Events glossary

Running, jumping, throwing, walking. Athletics – whose first competitions date back to Antiquity – covers a wide range of disciplines. Close-up on some of the most iconic of them… to refresh your memory (just a little).


The 100m is surely the most famous and most followed of all races. Sometimes called the “straight line”, the 100m is the equivalent of the 60m indoor, with a similar technique. As a result, a good 60m runner will generally have facilities in 100m and vice versa.


The 400m is considered as the longest and hardest among the sprinting events. This race requires great concentration and mental strength because the last 100 meters are often very hard. A 400m sprinter must be able to maintain the same speed and quality of stride over the entire distance despite the final fatigue. Running a 400m correctly demands mental stregh to cope well with high amount of lactic acid.


21,097km is the distance of the half marathon, precisely half the distance of the marathon. This mythical event takes its name from the eponymous Greek city where a battle between the Greeks and Persians took place. A Greek soldier, Phidippides, was in charge of bringing the news of the victory to Athens. Out of breath, he died of exhaustion after delivering his message.

Half marathons are usually not part of the programme of major international competitions. As 2020 is an Olympic year, it replaces the marathon being less physically demanding and consequently allowing marathonians, who will have participated in the Tokyo Olympic Games, to line up at the start.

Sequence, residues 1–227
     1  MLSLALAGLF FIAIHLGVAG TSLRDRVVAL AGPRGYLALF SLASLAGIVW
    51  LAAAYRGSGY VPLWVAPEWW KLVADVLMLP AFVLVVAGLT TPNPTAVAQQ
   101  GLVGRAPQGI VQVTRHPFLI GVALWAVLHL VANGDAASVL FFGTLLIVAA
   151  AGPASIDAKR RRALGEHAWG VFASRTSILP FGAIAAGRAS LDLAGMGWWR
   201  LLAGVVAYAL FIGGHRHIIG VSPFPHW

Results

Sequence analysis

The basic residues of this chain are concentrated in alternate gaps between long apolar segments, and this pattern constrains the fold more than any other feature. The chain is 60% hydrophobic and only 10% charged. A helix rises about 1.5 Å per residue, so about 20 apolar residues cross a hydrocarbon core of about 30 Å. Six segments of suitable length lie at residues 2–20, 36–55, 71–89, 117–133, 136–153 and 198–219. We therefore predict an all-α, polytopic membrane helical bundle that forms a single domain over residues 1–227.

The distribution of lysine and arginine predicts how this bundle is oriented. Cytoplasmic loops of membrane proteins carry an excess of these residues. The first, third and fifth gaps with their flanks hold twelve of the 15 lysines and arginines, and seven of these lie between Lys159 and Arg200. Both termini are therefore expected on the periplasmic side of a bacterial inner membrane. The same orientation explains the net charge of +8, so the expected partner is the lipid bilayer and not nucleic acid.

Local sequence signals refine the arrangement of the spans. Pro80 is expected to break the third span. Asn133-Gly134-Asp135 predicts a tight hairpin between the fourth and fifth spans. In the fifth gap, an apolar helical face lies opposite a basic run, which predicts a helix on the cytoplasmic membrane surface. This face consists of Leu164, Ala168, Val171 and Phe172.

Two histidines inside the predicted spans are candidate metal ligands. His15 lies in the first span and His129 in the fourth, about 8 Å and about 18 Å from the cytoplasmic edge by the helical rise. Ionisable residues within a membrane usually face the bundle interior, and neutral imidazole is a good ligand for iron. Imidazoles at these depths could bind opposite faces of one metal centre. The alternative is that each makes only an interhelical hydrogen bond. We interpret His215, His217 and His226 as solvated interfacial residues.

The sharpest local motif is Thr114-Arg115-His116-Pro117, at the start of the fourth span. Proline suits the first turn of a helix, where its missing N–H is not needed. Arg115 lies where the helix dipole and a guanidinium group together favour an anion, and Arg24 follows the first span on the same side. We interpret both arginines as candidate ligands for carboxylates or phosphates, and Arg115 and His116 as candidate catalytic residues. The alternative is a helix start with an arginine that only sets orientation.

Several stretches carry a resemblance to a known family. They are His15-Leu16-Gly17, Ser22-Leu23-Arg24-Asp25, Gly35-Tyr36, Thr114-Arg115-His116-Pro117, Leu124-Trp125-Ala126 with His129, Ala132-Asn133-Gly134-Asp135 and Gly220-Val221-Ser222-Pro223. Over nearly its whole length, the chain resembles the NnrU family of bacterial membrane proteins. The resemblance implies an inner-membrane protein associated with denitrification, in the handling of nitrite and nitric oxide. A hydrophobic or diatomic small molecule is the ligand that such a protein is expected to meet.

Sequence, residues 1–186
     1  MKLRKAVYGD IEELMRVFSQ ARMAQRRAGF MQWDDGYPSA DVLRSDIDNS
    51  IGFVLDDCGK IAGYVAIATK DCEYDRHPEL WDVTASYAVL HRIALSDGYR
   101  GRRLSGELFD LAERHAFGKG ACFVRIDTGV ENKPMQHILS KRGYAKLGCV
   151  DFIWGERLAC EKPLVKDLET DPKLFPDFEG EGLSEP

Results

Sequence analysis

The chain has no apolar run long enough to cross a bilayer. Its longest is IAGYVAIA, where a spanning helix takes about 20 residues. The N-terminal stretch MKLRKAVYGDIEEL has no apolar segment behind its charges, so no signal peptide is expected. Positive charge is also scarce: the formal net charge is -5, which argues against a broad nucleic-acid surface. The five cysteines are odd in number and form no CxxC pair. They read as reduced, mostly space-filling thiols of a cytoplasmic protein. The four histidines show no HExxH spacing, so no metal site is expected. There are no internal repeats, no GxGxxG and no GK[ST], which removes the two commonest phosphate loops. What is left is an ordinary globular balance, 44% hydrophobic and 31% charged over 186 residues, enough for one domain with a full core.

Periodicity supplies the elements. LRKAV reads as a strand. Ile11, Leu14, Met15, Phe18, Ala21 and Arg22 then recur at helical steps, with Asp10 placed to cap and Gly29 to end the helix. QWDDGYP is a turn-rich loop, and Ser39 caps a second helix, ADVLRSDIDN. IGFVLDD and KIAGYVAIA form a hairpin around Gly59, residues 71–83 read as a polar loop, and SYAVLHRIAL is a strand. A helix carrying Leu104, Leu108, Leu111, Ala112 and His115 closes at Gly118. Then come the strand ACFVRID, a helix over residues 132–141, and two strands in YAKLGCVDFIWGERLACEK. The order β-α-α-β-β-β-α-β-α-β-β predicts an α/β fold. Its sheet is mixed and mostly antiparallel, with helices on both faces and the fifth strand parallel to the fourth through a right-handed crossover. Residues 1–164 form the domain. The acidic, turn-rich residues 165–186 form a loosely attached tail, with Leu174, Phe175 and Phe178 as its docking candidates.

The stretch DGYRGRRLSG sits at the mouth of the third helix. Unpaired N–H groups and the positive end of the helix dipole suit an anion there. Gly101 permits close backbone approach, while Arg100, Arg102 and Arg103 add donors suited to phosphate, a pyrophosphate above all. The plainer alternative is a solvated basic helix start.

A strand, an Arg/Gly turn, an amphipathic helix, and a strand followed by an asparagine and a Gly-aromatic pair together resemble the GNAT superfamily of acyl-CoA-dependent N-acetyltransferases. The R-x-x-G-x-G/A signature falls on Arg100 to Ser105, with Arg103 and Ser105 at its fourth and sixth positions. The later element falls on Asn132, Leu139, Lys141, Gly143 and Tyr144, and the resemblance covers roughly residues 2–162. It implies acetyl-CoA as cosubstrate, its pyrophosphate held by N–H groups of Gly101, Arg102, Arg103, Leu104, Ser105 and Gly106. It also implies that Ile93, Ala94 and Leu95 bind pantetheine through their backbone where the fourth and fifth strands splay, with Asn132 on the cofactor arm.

High Jump

The high jump is an athletics event that differs from the other three jumps as its approach un is not straight. This curved run is one of the elements of the technique known as “the fosbury-flop”, invented by Dick Fosbury.

Pole vault

This is the only jumping event that uses a mandatory accessory to the practice of the event: the pole vault, which influences the athlete’s performance. A pole vaulter is a complete athlete.

The technical approach of the discipline gives a new dimension to the preparation of the pre-run. The counting of the steps, the choice of the right pole and the planting are three things not to be neglected, the first influencing the other two and the second influencing the third.

Discus throw

The Discus throw is a track and field event which consists of throwing a heavy disc as far as possible. The men’s world record for men is held by the German Jürgen Schult since 6 June 1986 with a throw at 74.08m. His compatriot Gabriele Reinsch is the current holder of the women’s world record since 1988 with a 76.80m performance.

Javelin throw

The javelin throw is an athletics event which consists in throwing as far as possible a spear called a javelin made of metal, fiberglass or carbon fiber.
The rules are equivalent to other types of throwing (discus, hammer or shot put). All competitors are allowed six tries. Usually, during official competitions, the competitors are entitled to three attempts. Then the top eight have the opportunity to throw three additional attempts. The winner is the one who has sent the javelin as far as possible, measured to the nearest centimetre.


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